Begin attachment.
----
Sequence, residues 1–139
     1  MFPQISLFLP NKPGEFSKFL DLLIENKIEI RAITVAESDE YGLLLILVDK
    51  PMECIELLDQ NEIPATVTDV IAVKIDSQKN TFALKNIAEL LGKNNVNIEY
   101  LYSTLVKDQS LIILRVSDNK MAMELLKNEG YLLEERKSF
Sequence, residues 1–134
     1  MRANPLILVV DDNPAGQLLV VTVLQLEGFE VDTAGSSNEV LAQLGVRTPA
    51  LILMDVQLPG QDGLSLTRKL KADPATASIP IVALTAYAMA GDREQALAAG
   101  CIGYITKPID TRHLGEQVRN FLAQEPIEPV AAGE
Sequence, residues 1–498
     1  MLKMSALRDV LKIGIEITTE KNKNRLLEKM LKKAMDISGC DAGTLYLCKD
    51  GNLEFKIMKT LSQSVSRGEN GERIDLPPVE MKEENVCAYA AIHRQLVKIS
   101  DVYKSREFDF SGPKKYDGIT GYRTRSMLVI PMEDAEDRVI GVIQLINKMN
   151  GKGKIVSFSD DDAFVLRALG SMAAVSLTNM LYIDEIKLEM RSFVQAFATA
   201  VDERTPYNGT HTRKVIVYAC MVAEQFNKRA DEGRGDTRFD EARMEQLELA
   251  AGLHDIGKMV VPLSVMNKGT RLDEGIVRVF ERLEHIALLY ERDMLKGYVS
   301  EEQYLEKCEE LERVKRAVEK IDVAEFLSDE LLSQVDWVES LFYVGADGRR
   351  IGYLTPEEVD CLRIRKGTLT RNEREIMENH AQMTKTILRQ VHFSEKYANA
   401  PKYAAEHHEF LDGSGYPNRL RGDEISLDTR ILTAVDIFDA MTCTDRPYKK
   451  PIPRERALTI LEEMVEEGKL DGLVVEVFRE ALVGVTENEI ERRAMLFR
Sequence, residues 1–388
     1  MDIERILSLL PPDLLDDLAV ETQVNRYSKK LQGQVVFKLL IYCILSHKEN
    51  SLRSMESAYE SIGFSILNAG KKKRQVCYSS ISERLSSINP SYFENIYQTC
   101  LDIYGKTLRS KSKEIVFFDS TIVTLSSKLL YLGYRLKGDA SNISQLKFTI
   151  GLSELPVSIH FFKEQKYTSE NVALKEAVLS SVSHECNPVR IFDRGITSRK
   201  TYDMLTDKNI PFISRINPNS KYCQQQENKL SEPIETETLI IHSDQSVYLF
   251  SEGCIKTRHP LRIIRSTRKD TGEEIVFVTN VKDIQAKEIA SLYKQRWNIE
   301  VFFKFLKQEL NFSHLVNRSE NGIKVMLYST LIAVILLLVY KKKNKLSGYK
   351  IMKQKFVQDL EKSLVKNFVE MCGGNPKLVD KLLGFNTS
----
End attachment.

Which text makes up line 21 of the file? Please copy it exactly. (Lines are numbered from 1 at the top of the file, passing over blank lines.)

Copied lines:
     1  MDIERILSLL PPDLLDDLAV ETQVNRYSKK LQGQVVFKLL IYCILSHKEN